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- B.A., Music and Religious Studies, Lawrence University, 2002
- M.A., Ethnomusicology, Columbia University, 2005
- Ph.D., Ethnomusicology, Columbia University, 2009
Anna’s research focuses on South Asia, particularly on Nepal and the Himalayan region. She is currently working on two projects that deal with love, intimacy, and politics in Nepal. The first looks at improvised dohori question-answer songs as culturally intimate, gendered expressions of ideas of nation and heritage, within a cycle of migration and media circulation that spans the globe. The second chronicles the history of Nepal’s politically oppositional “progressive song” from the 1960s to the present, with a focus on ideas of love, development, and communist thought as interrelated ways of imagining a better future. Articles from these projects have appeared in various journals and edited volumes. Anna also maintains an active research interest in the relationship between music, religion, politics and public culture in South Asia and the Himalayas.
Along with teaching and researching about music, Anna is also active as a performer. After a bachelor’s degree in western classical flute performance, she has studied Hindustani classical bansuri flute with Steve Gorn and Jeevan Ale, and has learned the folk style of bansuri performance through musical interaction with many Nepali performers during her fieldwork. As a singer, she has studied the Hindustani classical tradition with Prabhu Raj Dhakal in Nepal and Ustad Mehboob Nadeem in London, and she learned Nepali folk and dohori song as she learned the flute styles, in the informal oral tradition. Her formal instruction in Nepali folk music has been with Khadga Bahadur Budha Magar on the madal drum, and she believes that knowledge of percussion provides a firm foundation for a broader grasp of any musical style. She is working on compiling and translating the Nepali folk music teaching materials created by her teachers as well as the late musicologist Subi Shah.
Prior to joining the UH faculty she held postdoctoral positions in ethnomusicology and anthropology at Oxford University, and in Asian Studies at Leiden University. As a teacher, Anna is excited to introduce students to the diverse worlds of Asian performing arts, and to broader themes in Asian cultures and history, from various perspectives in the social sciences and humanities.
- ASAN 310 Asian Humanities
- ASAN 320I Asian Nation Studies: South Asia
- ASAN 320Z Asian Nation Studies: Himalayas
- ASAN 478/MUS 478: Music in South Asia
- ASAN 491G Emotion and Music in Asia
- ASAN 611 Comparative Muslim Societies in Asia
- ASAN 620I Asia, Arts, and the Public Sphere
- ASAN 623 Gender and Asian Performing Arts
- Recent independent studies have focused on South Asian Dance (ASAN 499, 699), Modern Tibet (ASAN 699), Modern Nepal (ASAN 699), and Nepali Language (IPLL 101-102)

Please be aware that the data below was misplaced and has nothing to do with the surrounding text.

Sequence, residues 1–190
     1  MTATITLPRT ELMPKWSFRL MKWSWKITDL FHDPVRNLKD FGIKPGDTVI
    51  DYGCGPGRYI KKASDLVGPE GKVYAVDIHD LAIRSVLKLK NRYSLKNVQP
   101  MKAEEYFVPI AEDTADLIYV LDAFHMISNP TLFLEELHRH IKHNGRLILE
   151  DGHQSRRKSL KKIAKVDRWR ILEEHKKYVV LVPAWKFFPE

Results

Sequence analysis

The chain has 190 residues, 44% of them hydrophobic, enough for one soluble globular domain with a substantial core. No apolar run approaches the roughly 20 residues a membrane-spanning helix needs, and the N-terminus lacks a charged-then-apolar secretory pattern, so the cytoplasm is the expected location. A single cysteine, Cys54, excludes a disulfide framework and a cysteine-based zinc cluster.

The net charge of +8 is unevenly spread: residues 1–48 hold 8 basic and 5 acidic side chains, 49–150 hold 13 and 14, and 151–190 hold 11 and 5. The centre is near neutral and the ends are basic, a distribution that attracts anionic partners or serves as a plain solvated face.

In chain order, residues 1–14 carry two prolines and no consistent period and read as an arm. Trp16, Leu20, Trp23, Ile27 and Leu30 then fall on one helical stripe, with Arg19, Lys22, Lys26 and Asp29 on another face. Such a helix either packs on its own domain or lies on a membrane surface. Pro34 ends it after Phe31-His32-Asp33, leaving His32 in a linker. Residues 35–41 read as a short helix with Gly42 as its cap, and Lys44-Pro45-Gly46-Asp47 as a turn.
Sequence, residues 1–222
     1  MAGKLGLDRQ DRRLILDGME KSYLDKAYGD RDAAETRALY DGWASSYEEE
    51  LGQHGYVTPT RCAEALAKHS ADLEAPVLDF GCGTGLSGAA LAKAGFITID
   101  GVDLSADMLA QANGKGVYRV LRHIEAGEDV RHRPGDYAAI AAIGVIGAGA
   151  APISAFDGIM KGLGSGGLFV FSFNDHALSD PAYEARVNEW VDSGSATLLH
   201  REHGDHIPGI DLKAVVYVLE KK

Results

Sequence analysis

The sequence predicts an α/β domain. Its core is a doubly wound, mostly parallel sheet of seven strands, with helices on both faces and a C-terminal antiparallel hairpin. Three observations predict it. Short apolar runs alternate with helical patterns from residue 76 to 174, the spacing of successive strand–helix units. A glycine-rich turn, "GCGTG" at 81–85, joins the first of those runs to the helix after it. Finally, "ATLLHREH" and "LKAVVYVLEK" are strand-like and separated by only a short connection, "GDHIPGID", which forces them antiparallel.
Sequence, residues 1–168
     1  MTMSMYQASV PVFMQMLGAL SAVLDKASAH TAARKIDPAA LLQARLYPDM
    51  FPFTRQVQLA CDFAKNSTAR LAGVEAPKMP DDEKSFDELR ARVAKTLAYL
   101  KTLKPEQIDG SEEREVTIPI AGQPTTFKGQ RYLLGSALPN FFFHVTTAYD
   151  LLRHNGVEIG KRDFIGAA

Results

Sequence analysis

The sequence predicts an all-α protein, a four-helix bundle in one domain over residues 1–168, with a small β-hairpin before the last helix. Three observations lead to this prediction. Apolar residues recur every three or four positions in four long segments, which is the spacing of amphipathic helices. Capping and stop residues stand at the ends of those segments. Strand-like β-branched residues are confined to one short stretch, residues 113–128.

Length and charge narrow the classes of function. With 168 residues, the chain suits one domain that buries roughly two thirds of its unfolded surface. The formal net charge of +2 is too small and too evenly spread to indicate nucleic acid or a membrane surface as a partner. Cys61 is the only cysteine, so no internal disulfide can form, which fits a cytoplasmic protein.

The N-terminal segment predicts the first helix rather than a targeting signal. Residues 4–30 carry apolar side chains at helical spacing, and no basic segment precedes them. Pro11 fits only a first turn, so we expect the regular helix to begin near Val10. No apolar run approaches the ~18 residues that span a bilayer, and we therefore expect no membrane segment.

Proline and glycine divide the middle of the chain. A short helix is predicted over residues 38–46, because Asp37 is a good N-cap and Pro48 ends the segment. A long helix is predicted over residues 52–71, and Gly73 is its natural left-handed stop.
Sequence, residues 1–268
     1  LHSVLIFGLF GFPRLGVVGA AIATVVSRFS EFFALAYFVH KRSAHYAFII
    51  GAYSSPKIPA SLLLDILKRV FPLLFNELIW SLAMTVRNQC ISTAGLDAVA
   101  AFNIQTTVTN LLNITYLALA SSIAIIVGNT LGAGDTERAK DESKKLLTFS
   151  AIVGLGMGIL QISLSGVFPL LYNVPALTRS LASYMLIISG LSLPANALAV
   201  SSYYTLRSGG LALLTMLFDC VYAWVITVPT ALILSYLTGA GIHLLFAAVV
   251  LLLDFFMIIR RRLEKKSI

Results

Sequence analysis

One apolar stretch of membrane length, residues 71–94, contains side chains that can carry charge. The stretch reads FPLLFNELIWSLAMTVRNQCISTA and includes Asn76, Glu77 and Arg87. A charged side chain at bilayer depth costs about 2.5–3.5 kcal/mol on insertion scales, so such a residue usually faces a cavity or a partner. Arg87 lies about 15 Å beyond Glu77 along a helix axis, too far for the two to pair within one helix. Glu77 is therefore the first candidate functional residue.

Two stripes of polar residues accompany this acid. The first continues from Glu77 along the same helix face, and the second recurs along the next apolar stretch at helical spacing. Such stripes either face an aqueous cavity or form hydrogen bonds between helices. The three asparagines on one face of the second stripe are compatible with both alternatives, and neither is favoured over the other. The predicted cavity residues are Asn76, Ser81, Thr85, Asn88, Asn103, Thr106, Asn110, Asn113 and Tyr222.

- Singing Across Divides: Music and Intimate Politics in Nepal (Oxford University Press, 2017).
- “Music and Cultural Policy in Nepal: Views from Lok Dohori.” European Bulletin of Himalayan Research 48, 2016, pp. 43-76.
- “Sounding and Writing a Nepali Public Sphere: The Music and Language of Jhyaure.” Asian Music 46(1), 2015.
- “Tears for the Revolution: Nepali Musical Nationalism, Emotion, and the Maoist Movement.” In Marie LeComte-Tilouine, ed. Revolution in Nepal. Oxford and New Delhi: Oxford University Press, 2013.
- “Class Love and the Unfinished Transformation of Social Hierarchy in Nepali Communist Songs”. In Robert Adlington, ed. Red Strains: Music and Communism Outside the Communist Bloc. (Proceedings of the British Academy). Oxford: Oxford University Press, 2013.
- “Changing the Sound of Nationalism in Nepal: Deuda and the Far West.” South Asian Popular Culture 10(3), 2012.
- “Singing Dialogic Space Into Being: Communist Language and Democratic Hopes at a Dohori Competition on Radio Nepal.” Studies in Nepali History and Society 15(2), 2010.
- “May I Elope”: Song Words, Social Status, and Honor among Female Nepali Dohori Singers. Ethnomusicology 54(2):257-280, 2010.
- “Dohori in the New Nepal.” World Literature Today 82(1):30-37, 2008.
- “Blue Lake: Tibetan Popular Music, Place, and Fantasies of the Nation.” In Robert Barnett and Ronald Schwartz, eds. Tibetan Modernities: Notes from the Field on Cultural and Social Change. Leiden: Brill, 2008.
- “Dohori on Sajha.com: Music Videos and the Politics of Memory.” In Social Sciences in a Multicultural World: Proceedings of the International Conference, 11-13 December 2006. Kathmandu: Sociological/Anthropological Society of Nepal (SASON) & Swiss National Centre of Competence in Research (NCCR), 2007.